If you watch the NBA Finals this month, take a long, hard look at the uniforms because it might be the last time the jerseys look like this.
I’m not talking about the players’ names or uniform colors.
It might not be long before we’re seeing Lebron James dunk with a BK logo on the front of his Miami Heat jersey.
NBA owners are considering selling ad space on uniforms. Multiple options are under consideration including replacing the team name with that of a corporate advertiser, showcasing the advertiser’s name beneath the player’s number and a company logo on a strap of the jersey.
The NBA has yet to make a final decision on featuring ads on jerseys. If the organization does, it will be the first of the four major North American sports leagues–the NBA, Major League Baseball, The National Football League and the National Hockey League–to do so.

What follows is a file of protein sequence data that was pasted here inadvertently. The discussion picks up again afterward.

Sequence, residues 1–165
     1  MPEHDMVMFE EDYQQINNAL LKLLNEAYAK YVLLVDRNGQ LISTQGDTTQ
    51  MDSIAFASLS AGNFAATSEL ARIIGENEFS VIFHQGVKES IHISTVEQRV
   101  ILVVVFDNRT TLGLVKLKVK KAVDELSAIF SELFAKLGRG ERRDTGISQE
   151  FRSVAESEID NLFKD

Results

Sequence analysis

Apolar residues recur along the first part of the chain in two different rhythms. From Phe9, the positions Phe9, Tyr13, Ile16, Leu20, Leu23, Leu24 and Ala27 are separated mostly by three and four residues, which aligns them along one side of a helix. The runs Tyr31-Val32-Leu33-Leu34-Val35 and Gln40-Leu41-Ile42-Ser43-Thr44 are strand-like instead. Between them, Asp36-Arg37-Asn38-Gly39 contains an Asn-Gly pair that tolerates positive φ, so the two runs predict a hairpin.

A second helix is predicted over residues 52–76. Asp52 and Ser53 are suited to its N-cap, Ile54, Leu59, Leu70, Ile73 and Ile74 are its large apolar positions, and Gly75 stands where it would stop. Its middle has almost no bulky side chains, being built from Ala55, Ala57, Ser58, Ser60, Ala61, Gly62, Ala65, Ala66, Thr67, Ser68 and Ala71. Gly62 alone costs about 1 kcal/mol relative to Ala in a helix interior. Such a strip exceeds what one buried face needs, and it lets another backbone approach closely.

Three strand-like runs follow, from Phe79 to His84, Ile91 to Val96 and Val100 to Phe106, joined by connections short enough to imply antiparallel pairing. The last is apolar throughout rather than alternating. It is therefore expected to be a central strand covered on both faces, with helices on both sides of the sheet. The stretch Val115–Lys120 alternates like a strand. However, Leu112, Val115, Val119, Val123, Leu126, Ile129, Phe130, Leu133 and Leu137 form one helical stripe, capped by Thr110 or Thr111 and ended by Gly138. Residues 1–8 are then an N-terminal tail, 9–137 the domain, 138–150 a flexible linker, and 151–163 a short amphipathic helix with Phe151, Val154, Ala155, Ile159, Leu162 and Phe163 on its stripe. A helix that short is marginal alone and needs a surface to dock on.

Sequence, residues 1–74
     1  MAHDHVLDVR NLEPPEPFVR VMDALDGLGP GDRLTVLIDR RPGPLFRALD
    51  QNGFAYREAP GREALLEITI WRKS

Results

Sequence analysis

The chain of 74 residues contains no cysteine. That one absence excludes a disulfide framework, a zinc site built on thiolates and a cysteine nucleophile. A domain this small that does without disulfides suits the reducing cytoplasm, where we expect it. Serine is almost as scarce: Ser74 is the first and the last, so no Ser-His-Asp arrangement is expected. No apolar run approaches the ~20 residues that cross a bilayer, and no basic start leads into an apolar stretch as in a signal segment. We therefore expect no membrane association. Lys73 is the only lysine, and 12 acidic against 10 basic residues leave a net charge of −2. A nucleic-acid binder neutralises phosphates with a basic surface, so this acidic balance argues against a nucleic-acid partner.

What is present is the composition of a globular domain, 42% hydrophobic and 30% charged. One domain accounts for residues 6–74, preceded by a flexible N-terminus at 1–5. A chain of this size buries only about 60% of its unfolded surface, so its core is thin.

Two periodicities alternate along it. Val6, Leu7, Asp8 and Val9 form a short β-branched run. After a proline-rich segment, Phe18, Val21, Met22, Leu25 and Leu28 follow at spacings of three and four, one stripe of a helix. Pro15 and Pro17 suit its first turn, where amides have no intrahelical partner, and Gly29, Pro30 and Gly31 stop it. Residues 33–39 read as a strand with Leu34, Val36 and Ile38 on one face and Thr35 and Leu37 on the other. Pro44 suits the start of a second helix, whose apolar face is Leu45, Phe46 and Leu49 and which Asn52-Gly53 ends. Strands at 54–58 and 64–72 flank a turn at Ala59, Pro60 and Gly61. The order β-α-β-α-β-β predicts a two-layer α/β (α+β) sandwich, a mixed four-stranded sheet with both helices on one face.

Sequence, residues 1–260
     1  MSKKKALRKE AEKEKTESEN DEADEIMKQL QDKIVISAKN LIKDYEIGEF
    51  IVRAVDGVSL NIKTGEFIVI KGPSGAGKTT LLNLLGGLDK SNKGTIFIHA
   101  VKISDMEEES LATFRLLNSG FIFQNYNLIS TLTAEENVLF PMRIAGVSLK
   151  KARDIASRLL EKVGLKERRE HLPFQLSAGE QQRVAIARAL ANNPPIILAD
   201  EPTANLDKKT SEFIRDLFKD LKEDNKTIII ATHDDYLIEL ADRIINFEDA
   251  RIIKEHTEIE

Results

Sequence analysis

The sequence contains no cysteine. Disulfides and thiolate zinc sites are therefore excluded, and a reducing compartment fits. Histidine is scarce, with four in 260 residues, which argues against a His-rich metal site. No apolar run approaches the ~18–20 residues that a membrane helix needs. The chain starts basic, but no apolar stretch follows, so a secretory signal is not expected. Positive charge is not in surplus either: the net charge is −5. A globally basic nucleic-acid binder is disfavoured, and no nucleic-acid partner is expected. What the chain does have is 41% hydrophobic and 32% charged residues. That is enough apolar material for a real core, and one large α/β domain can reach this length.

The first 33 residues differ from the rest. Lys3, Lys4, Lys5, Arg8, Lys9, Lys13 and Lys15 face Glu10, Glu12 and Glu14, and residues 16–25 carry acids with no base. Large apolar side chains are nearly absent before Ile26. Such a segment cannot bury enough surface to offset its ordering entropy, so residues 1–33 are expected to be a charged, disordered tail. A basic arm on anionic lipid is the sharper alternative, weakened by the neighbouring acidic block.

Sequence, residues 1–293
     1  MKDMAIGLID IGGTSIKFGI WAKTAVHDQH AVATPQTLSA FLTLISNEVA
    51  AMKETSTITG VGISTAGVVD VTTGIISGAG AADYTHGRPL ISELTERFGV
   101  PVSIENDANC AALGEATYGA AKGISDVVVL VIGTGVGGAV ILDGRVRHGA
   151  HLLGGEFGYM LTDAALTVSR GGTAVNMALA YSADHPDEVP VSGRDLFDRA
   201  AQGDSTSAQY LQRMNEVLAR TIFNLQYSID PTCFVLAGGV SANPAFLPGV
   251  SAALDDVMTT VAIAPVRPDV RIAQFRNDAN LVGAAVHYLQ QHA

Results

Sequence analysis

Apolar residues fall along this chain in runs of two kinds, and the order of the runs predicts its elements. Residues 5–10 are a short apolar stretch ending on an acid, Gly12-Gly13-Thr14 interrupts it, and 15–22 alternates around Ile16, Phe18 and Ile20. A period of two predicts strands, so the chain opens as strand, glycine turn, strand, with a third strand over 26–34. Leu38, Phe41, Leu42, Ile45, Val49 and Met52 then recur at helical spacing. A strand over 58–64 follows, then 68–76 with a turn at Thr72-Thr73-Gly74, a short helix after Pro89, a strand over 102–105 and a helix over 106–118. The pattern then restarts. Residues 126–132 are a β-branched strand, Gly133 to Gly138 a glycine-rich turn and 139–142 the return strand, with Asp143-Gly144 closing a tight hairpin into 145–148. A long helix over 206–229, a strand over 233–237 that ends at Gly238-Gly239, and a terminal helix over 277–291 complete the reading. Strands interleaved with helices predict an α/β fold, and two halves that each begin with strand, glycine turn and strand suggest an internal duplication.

Whether fans like it or not, uniform advertising could be here soon because it offers a huge opportunity to increase revenue. When’s the last time money was not a factor in professional sports?
Other sports like auto racing, golf and soccer have featured advertising on uniforms or clothing for years. Stadium and arena naming rights are common for professional sports teams and is now even seen at the high school level. Advertising continues to grow as a part of our culture, a symbol of value for a product or person featured.
If a company sponsors an event or puts its name on a stadium, they receive instant credibility. Companies will see an opportunity to build their brands through all those eyeballs looking at their logos on players’ uniforms.
The question might not be if it’s going to happen but when and in which sport. The general public’s initial reaction will probably be negative. But it won’t be long until it is accepted as part of what I call the ongoing “Marketization of Sports.”
Despite having leveraged sports marketing to build brands throughout my career, I don’t want to see (or buy) advertising on uniforms. Sports are, like the Cotton ads say, part of the fabric of our lives. Tradition should account for something. I want teams to be from cities, not fast food restaurants.